In late April, Ontario Premier Kathleen Wynne and Ontario Minister of Finance Charles Sousa announced a 16-point Fair Housing Plan to cool the red-hot housing markets in Toronto and southwestern Ontario. A foreign buyers tax, vacant homes tax, and expanded rent control were the most notable measures introduced.
Just imagine Wynne and Sousa in front of a one way mirror with all the potential culprits lined up in front of them: offshore speculators, domestic investors, rental apartment owners, profit-seeking builders, absentee landlords, municipal planning departments, lazy mortgage underwriters, tax-avoiding property scalpers, land hoarding developers, double-ending realtors, a neglectful Canadian Revenue Agency, onerous real estate taxes, exorbitant development charges, organizers of the frenetic real estate seminars, rising employment, population growth, and higher incomes. With everyone whispering in their ears, telling them who is to blame and who isn't, the Ontario government pointed at a bunch of suspects, ignoring two of the biggest ones.
Ontario Finance Minister Charles Sousa, right, delivers the 2017 Ontario budget next to Premier Kathleen Wynne at Queen's Park in Toronto on Thursday April 27, 2017. (Photo: Nathan Denette/CP)
Real estate has often been one of the most speculative asset classes, and anecdotal evidence certainly points to more investor activity over the past year in the Greater Toronto Area (GTA). A recent Realosophy report found there was a big increase in the number of new freehold homes being rented out by their owners. Long-term investors provide much-needed rental supply, which is a positive for any real estate market. However, short-term investors, especially highly leveraged ones keen on flipping a property in three to nine months add volatility to the market, unwanted risk, and the higher probability of a housing market correction. The government should have taken aim at domestic speculators, who likely comprise a much bigger share of the residential resale transactions than foreign buyers.
This would have been a positive step to prevent short-term speculation, but this measure has its limits because it is treating the symptom of the problem, not the actual problem. Speculators buy because prices are rising rapidly and they expect them to continue to rise, they don't buy in stagnant markets. So what caused prices to rise in the first place, and what else has happened over the past year to fuel the bigger boom.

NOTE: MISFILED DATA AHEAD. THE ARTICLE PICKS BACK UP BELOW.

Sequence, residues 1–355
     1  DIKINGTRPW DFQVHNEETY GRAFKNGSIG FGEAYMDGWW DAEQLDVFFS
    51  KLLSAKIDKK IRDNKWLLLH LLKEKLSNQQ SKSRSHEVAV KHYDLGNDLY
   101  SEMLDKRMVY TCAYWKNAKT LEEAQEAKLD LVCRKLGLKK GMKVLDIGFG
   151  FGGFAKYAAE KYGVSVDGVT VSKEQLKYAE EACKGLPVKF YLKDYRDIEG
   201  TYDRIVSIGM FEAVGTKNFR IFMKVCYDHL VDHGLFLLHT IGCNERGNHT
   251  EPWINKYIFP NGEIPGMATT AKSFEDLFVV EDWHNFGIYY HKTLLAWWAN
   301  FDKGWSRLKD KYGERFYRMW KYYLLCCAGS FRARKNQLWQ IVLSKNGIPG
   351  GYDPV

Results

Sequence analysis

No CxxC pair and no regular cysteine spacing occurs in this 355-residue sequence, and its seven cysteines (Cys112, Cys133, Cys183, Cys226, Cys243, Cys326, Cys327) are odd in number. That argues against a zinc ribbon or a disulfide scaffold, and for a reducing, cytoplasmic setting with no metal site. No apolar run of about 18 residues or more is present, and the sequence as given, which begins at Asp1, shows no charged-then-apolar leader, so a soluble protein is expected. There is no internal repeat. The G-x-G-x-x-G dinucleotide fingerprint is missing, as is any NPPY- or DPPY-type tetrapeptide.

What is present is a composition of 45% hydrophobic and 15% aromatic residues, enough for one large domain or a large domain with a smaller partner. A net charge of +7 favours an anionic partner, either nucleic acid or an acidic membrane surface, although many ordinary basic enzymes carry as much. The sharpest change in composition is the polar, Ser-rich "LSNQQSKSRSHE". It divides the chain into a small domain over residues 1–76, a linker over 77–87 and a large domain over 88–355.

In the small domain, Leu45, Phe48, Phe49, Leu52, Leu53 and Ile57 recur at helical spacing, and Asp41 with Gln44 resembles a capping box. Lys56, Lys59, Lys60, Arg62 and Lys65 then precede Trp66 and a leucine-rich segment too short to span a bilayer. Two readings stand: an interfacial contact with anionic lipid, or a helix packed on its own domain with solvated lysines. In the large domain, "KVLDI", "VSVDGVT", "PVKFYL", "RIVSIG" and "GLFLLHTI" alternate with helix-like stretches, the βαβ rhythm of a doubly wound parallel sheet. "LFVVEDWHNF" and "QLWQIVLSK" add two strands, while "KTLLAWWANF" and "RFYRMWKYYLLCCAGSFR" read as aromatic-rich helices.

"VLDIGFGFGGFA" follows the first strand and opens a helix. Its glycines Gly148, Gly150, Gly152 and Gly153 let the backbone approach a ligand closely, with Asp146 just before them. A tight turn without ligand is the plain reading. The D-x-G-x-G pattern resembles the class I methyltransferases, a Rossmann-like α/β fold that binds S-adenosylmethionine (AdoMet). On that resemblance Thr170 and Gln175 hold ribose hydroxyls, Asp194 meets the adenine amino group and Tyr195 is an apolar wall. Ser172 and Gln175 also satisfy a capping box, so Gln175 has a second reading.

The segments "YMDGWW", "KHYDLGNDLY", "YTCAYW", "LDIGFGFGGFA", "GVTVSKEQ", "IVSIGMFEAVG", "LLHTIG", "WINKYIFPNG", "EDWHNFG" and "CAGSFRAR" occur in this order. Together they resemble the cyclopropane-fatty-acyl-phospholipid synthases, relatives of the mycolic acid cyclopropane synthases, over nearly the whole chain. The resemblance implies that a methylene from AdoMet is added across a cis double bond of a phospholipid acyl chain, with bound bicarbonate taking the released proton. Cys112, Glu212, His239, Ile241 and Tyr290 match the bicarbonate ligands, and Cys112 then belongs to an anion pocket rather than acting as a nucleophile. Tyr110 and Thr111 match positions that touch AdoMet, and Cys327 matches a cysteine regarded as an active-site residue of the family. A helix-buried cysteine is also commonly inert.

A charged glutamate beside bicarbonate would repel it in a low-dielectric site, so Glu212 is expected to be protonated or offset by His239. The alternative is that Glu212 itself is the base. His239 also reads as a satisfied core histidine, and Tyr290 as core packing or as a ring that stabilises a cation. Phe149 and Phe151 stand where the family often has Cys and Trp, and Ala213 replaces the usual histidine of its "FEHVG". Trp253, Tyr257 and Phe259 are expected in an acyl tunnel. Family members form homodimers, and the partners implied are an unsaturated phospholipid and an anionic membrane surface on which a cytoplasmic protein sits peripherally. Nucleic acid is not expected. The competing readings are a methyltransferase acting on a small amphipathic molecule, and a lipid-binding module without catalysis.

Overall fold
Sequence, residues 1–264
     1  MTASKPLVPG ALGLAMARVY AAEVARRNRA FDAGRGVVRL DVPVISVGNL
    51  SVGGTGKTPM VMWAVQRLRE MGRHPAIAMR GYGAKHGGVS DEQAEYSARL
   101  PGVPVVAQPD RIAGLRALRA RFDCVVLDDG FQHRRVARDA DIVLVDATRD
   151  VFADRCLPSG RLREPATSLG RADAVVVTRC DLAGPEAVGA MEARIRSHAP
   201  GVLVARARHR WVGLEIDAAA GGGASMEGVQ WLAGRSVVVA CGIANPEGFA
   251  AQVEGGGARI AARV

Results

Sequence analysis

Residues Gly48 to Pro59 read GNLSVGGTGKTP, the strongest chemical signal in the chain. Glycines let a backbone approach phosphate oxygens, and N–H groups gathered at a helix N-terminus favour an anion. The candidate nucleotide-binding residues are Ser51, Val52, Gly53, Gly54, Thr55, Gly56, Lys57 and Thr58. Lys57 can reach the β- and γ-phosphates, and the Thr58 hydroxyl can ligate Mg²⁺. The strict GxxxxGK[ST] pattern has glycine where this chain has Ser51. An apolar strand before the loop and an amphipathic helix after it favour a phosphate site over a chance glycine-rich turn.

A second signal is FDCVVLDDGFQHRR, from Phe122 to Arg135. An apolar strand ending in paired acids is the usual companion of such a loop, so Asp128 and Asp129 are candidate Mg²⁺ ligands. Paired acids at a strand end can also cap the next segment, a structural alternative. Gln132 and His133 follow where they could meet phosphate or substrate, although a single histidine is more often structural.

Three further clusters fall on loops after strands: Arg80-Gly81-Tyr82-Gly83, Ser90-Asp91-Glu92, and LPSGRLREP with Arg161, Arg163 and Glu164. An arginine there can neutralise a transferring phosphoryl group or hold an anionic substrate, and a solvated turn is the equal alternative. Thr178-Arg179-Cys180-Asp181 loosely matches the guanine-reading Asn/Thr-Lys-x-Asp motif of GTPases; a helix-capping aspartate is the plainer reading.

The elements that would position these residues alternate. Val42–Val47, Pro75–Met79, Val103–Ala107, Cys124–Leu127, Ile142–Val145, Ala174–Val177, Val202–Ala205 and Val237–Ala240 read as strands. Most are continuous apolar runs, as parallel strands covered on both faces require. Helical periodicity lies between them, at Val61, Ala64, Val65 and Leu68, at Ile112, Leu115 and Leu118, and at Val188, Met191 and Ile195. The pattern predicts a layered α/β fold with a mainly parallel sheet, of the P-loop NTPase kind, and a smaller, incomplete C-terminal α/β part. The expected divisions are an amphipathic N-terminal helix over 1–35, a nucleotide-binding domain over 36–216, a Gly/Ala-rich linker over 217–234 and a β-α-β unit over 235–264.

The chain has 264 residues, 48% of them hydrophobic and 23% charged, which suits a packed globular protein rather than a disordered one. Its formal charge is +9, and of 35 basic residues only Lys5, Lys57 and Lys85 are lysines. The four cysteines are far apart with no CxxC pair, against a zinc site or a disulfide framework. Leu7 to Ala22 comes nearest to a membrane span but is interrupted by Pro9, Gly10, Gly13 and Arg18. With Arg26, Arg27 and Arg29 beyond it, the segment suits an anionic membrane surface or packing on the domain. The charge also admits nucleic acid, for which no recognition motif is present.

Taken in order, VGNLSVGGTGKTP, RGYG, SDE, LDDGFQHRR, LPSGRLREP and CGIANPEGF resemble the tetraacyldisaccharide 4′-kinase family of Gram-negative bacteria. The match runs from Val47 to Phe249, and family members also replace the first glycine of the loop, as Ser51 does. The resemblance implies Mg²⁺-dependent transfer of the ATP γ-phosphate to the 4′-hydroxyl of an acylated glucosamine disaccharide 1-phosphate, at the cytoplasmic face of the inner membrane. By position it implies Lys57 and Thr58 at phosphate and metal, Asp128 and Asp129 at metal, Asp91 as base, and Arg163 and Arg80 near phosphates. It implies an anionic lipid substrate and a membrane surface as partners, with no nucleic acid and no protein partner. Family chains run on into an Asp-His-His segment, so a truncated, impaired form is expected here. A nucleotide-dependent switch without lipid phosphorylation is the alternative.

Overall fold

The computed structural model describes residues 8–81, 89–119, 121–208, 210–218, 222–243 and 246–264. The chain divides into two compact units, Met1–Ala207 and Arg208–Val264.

One of the main reasons prices started to rise is a mismatch of supply and demand. Greater Toronto Area developers built 26 per cent less square footage in 2016 compared to 15 years earlier, as smaller condominiums capture a much larger share of total housing completions. Buyers in search of more generously-sized homes are bidding up centrally located properties, moving to the outer suburbs, or moving out of the GTA altogether. Areas like Kitchener, Niagara Falls, Peterborough, and Windsor, are all experiencing increased demand from prospective buyers leaving the GTA for more affordable housing.
It can't just be GTA ex-pats and speculation driving up these smaller communities in Ontario. The reason might just be something much more simple: more people. Statistics Canada estimates provincial population on a quarterly basis, and as of the end of Q1-2017, there were 219,000 more people in Ontario than a year earlier, more than the combined growth of Quebec, Manitoba, Alberta and British Columbia. This massive increase represents the highest level of growth in 15 years, and is twice the level of absolute growth experienced 10 years ago.
It will take a while for developers to ramp up supply in response to the need to house all these extra residents. In Toronto, where the bulk of new supply is high-rise units (which can take three to four years to build), it may not be until 2020 that this demand translates into built product ready to be occupied.
Until we see supply match demand, and house price inflation stabilize, we'll continue to see speculators in the market. Ontario added 80,000 more residents in the first quarter of 2017 (218,893) than the same quarter a year earlier (138,926), and those 16 measure won't be able to address the massively expanded need for housing.
When the cause of high prices is the result of something you want to occur, meaning Ontario is a very desirable place to live and move to, the solution is that much more difficult.
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